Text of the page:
J. I really vibed with what you were saying about feeling like you were seeking out folks and then maybe you just don’t fit in that space to talk about certain things. Because I think that the other aspect of safer spaces that I really want to bring up is that I think they are spaces in which we can feel more whole. Or more grounded in. And I actually had a really difficult time with that when I was coming out to myself. Despite being in a pretty queer-friendly space, it was pretty white-dominated or I just didn’t feel the vibe of like, I don’t know, compulsory promiscuity in some ways of the queer space I was introduced to. And because I am Muslim, I didn’t have anyone to talk about that with. You know, like they were sympathetic but not empathetic responses to that ‘oh I’m religious and queer.’ So it was inner turmoil until I really found the LGBT Muslim Retreat, which has been so important to me. Because people there don’t share my exact identities for the most part, not very many of them are like bi Bengali women, that kind of thing, or have all my background. But there’s a feeling that it’s ok to be your whole self in the space. And regardless of whether there are challenges – because there are always challenges, regardless of what community you approach – I feel that the work has been put in for me to feel whole in that space. So, I guess, when you talk about like what you are looking for from community, that’s the thing that I really seek out, that’s the dealbreaker thing, if that’s not there then… I’m gonna go.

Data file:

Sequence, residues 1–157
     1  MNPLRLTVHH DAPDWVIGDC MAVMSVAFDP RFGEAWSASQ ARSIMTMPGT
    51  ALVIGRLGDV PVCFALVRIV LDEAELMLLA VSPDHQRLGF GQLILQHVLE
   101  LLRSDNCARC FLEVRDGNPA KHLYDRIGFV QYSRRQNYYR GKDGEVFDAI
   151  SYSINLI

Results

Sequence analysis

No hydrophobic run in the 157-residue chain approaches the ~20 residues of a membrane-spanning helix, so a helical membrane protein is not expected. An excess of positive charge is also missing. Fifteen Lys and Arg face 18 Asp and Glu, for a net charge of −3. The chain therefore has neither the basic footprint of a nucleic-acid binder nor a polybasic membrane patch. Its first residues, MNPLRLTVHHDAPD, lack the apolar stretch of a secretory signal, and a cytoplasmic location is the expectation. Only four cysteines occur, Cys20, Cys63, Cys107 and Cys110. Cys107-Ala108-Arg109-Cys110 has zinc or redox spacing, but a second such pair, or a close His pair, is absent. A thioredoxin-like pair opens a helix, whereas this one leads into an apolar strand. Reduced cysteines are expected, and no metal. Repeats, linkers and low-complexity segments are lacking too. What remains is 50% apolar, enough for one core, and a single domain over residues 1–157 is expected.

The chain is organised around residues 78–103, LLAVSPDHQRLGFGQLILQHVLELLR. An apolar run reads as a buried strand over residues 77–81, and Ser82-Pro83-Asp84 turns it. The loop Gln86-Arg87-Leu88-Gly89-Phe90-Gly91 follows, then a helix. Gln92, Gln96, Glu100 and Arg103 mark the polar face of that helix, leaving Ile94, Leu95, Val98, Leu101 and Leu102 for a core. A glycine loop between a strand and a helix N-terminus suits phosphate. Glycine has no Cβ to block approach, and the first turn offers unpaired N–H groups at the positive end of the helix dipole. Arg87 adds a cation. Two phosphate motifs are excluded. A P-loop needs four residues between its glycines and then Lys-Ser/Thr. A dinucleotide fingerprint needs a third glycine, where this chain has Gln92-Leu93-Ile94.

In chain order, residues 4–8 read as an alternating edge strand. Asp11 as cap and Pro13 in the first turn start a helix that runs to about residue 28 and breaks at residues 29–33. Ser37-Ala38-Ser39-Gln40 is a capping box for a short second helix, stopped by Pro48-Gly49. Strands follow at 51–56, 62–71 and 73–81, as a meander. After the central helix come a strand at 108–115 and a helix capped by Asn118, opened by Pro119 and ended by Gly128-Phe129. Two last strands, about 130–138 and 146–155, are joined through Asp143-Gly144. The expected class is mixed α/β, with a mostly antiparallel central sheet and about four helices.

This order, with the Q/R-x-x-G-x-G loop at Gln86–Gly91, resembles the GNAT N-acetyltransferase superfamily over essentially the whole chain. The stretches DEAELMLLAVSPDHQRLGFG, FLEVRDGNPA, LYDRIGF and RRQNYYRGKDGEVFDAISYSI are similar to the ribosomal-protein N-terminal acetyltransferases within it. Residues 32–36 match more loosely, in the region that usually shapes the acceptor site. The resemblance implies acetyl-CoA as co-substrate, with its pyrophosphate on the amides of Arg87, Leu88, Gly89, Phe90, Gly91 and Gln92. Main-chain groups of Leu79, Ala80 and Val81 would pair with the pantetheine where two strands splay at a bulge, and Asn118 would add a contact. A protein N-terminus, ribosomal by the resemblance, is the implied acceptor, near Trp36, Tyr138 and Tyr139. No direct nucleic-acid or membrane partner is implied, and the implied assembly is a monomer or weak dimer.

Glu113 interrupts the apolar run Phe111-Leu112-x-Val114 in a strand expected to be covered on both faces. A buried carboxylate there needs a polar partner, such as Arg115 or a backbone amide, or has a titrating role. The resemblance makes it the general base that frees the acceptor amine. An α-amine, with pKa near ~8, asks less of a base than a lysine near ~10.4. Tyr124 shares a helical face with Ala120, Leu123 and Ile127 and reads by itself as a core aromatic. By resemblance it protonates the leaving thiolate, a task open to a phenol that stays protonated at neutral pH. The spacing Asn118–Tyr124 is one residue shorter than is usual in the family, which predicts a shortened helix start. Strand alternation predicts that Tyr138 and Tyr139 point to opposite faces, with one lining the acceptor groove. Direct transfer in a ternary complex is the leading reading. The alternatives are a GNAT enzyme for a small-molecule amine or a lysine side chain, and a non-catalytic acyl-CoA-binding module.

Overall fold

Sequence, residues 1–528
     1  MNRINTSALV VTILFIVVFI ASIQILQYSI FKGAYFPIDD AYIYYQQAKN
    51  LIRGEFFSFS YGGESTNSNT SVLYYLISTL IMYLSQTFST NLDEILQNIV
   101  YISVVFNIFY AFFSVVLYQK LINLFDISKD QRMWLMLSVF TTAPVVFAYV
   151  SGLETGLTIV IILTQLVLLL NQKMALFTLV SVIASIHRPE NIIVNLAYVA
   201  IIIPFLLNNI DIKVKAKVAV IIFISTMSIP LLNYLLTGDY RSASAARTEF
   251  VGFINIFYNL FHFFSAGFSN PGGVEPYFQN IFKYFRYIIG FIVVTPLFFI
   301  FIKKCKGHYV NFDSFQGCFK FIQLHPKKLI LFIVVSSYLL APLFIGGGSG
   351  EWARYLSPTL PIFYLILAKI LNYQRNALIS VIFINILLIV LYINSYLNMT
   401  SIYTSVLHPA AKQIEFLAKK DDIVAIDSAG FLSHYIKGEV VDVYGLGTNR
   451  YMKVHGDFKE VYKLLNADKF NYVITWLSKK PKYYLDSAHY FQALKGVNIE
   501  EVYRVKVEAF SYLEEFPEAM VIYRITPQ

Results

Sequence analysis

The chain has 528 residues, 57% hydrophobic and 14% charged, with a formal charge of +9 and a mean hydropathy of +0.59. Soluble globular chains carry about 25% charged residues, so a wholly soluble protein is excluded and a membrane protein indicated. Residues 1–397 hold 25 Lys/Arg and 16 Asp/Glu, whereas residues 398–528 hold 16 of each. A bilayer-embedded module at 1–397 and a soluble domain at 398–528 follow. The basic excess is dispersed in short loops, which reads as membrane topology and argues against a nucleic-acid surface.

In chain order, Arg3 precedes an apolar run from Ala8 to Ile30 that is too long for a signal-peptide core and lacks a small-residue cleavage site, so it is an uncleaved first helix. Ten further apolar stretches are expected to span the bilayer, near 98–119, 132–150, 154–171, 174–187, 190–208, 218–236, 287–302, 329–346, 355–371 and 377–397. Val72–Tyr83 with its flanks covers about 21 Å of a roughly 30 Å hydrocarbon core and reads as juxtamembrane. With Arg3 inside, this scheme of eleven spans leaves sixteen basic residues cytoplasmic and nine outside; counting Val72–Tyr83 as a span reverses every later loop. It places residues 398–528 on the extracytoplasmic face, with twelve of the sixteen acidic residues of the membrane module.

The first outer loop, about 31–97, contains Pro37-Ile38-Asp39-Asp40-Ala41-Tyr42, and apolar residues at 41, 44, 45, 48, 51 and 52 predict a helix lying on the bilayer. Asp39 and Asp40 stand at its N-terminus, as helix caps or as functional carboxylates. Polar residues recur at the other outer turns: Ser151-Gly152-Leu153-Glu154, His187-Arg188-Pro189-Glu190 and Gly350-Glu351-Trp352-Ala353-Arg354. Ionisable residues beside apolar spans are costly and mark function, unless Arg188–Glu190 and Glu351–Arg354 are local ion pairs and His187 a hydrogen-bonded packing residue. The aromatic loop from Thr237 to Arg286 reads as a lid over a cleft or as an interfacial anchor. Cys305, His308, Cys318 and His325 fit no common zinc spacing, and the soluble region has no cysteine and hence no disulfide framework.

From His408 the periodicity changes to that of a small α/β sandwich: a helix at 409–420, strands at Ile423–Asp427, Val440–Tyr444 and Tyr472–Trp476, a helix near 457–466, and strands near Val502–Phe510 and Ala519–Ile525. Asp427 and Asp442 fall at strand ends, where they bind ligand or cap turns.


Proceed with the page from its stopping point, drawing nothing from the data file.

V. I’m out! [laughs]

J. [laughs] Yeah!